So, what is it about this book that brings me back to it time and time again? Well, I do love a good caper, and this book certainly delivers on that front. I also very much enjoy the fun Dahl brings to language. But the real reason is that I love the portrayal of Danny and his father. Their relationship is so lovely and Danny’s father is one of the few adult characters Dahl has created that he treats with great respect and admiration.

It sounds silly (and was not something I noticed so much as a kid), but every time I reread Danny, the Champion of the World I get all caught up in the sort of love story that Dahl tells of a father and son. It’s a quick read—so I can get my fix and move on—but it’s one that sort of fills up my heart in a way.

Also, I just love the way the poaching scene looks in my head. I can just hear the pheasants plopping out of the trees and picture Danny scurrying around to scoop them all up. And that is something else that runs throughout Danny, the Champion of the World: the way Dahl wrote this book makes it entirely envisionable, a characteristic that makes you feel like you’re part of the daring escapade, and sometimes like you’re part of those lovely moments between a father and son.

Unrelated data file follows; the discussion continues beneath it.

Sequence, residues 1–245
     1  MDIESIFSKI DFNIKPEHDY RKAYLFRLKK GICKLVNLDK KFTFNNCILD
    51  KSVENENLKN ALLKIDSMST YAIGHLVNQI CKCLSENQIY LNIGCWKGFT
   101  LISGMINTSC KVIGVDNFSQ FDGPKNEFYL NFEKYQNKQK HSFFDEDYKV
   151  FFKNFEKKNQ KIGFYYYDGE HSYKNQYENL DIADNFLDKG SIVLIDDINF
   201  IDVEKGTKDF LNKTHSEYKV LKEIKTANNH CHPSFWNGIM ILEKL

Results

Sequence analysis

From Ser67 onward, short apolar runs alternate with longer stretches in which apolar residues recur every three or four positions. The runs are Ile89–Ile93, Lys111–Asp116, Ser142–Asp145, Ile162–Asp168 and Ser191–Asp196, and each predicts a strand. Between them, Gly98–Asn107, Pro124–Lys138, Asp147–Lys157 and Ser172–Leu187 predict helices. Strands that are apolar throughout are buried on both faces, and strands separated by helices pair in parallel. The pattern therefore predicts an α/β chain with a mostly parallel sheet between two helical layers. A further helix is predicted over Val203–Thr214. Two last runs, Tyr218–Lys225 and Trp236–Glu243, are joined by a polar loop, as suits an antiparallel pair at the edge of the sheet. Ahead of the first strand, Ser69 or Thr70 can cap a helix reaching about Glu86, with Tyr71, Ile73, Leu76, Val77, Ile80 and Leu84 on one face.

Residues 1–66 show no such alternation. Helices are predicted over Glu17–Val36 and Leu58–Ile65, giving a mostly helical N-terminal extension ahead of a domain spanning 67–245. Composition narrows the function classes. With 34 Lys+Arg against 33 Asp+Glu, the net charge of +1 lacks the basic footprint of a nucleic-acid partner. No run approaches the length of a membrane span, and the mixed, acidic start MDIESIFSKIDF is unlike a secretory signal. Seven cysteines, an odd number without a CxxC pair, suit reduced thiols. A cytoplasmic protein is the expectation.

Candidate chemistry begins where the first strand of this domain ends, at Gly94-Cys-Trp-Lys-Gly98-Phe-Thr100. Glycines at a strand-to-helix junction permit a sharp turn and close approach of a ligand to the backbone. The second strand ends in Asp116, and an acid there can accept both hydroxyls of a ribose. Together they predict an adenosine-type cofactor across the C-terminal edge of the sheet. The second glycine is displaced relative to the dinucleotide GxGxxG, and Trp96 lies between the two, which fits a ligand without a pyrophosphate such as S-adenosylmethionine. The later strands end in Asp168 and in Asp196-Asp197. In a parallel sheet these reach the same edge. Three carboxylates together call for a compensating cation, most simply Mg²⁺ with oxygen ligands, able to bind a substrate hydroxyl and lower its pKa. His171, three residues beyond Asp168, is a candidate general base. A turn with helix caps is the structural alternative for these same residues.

Danny, the Champion of the World
By Roald Dahl
First Published in 1977

For more Dahl:

Sunday, September 13, 2009

Roald Dahl Day

Today is Roald Dahl day, and because it's also Sunday that means you (and I) have all day to revel in all things Dahl - from The Twits to Matilda and The BFG to the wonderful (and autobiographical) Going Solo. Most of Dahl's books are totally readable in one afternoon, and rereading books you enjoyed as a younger version of yourself is a lovely way to spend a Sunday.

In that spirit, I will be rereading (and not for the first time) Danny, the Champion of the World, which I will write about on Thursday.

So happy Dahl Day; I hope it's scrumdiddlyumtious.

For more on all things Roald Dahl, check out his official website.

For more Dahl:

Thursday, September 10, 2009

The Princess Bride: S. Morgenstern's Classic Tale of True Love and High Adventure (who could improve on a title like that?)

Home to famous lines such as "As you wish" and "My name is Inigo Montoya, you killed my father, prepare to die," The Princess Bride is an adventure, a love story, and a strangely post-modern novel that I read every year, at least once.

I first read The Princess Bride six years ago when I discovered that the movie I had loved as a kid was actually based on a book. If you’ve seen the movie but not read the book be warned that this reminiscence is probably going to contain a few spoilers.